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E-cigarettes are a critical tool in the war on smoking

Any movement to ban or curtail vaping fails to acknowledge the value that e-cigarettes have as harm-reduction devices

OTTAWA, Ont. —  The war on electronic cigarettes is a misguided attack on a clear harm-reduction product.

A recent editorial, Electronic cigarettes and youth: a gateway that must be shut, in the Canadian Medical Association Journal (CMAJ) says that Ontario youth are flocking to e-cigarettes or vaping at an "alarming rate."

The study states that 10 per cent of Grade 9 students in the Niagara region admit to having tried e-cigarettes at least once. The study also states that these students were more likely to have friends or family who smoked traditional cigarettes.

The author, Dr. Matthew Stanbrook, also wrote on the topic in 2013 in the CMAJ article Regulate e-cigarettes as drug-delivery devices. Then, Stanbrook argued that society is yielding "precious ground in the war against tobacco" to e-cigarettes, and that the federal government must aggressively regulate the industry.

In an ideal world, no youth would experiment with smoking or drinking. We know that smoking kills, and due to education, aggressive package labelling and smoke-free laws, no one knows this better than youth. Yet every year, a small percentage of teens try anyway.

Although vape shop owners believe the practice is far less harmful than traditional smoking, they know that nicotine is addictive. So many agree that e-cigarettes should not be accessible to youth without (at minimum) their parents' accompaniment. The United Vape Retailers Association in Alberta, for example, holds their members to a strict ethical code and, even though provincial government regulation does not exist, do not sell e-cigarettes to minors.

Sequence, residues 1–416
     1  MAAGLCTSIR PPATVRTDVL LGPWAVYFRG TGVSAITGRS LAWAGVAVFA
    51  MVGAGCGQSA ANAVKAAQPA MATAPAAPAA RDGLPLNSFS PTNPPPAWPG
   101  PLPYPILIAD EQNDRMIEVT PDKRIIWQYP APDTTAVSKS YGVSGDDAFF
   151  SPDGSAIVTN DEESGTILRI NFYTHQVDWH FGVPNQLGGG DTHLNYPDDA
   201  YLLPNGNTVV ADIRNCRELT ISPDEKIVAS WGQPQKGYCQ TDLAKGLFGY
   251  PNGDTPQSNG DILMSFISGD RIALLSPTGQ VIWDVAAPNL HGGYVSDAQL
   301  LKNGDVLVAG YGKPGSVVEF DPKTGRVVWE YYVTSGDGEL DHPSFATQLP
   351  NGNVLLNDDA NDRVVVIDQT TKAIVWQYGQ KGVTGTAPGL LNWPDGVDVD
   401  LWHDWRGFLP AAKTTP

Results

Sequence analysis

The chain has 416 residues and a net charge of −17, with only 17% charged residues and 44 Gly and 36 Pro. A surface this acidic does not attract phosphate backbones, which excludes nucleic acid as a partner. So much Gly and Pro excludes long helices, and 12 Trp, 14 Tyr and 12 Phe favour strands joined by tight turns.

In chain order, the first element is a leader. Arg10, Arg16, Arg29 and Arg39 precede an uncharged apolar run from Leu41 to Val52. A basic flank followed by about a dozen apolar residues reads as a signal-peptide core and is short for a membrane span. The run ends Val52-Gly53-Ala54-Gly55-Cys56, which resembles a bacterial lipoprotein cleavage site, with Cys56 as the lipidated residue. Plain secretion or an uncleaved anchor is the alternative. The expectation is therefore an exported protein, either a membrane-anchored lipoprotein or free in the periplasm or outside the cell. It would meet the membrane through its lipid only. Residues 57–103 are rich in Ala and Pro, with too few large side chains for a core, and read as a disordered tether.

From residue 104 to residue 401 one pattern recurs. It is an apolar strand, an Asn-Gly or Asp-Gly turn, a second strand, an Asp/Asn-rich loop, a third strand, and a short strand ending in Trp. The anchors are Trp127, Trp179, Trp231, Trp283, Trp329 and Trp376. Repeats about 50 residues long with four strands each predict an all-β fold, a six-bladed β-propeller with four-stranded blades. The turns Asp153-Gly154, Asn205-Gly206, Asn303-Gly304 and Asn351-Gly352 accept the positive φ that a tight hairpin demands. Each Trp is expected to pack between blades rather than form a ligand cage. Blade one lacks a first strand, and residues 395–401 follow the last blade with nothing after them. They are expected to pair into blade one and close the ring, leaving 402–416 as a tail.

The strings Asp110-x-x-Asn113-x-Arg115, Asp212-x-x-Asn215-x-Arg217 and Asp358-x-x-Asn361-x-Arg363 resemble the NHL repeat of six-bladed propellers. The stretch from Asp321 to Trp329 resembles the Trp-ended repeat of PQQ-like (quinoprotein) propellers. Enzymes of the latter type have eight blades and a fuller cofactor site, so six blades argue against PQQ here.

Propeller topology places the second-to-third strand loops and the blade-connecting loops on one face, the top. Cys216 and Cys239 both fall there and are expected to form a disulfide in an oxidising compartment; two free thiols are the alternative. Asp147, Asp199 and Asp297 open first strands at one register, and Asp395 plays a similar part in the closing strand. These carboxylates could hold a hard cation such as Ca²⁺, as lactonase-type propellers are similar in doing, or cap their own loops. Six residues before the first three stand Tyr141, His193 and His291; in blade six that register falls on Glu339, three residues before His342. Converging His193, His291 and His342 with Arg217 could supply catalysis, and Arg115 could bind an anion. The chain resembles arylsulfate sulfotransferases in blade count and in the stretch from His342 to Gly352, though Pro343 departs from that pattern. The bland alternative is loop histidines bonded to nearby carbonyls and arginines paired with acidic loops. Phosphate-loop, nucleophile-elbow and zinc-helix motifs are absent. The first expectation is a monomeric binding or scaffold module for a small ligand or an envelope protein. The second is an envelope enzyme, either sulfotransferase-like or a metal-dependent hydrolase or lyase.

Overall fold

The war against tobacco has failed to completely stop smoking. People of all ages remain addicted and find cigarettes nearly impossible to quit.
E-cigarettes have proven to be an effective, consumer-driven harm-reduction tool, created by the free market. It is an innovation that should be celebrated, not attacked.

In fact, the regulations being called for in provinces across Canada may limit the rights of citizens to seek out less harmful alternatives. Such regulations, then, would defy Section 7 of the Charter of Rights and Freedoms.

Public Health England, in partnership with other health agencies such as the British Lung Foundation and the Royal College of Physicians, has produced reports strongly supporting cigarette users switching to e-cigarettes. One report states that vaping is at least 95 per cent less harmful than traditional cigarettes, and that among youth, e-cigarette use is almost exclusively confined to those who already smoke.

Since 2000, more than 1.3 million U.K. smokers have completely stopped because of e-cigarettes. In stark contrast to the CMAJ article calling e-cigarettes a public health crisis, the foremost health body in the U.K. heralds e-cigarettes as a "public health opportunity."

The 2013 CMAJ editorial claims that tobacco companies are "major players" in the e-cigarette industry. In Canada, the marketplace is much more complex. There is no tobacco in e-cigarettes, just nicotine. Tobacco companies would likely love to see vapour regulated out of the market. In fact, some tobacco companies have a hand in producing cessation products such as gum or patches, which many smokers insist do not work.

Regulations are supported by those in the health-care industry with the noble but unrealistic purpose of prohibiting any nicotine use. Meanwhile, tobacco and major pharmaceutical companies are equally pleased to keep people trying (usually unsuccessfully) cessation devices - and eventually giving up and continuing to smoke regular cigarettes.

Canadians must guard against any movement to limit our right to choose harm-reduction tools to improve our health. Outright bans and overregulation of e-cigarettes, while honourable in principle, will lead to more harm than good.

Lauren Millar is a second-year law student at the University of Ottawa and current Institute for Liberal Studies Fellow at the Canadian Constitution Foundation. She is an alumnus of the Ontario Legislature Internship Programme and Trinity College at the University of Toronto.

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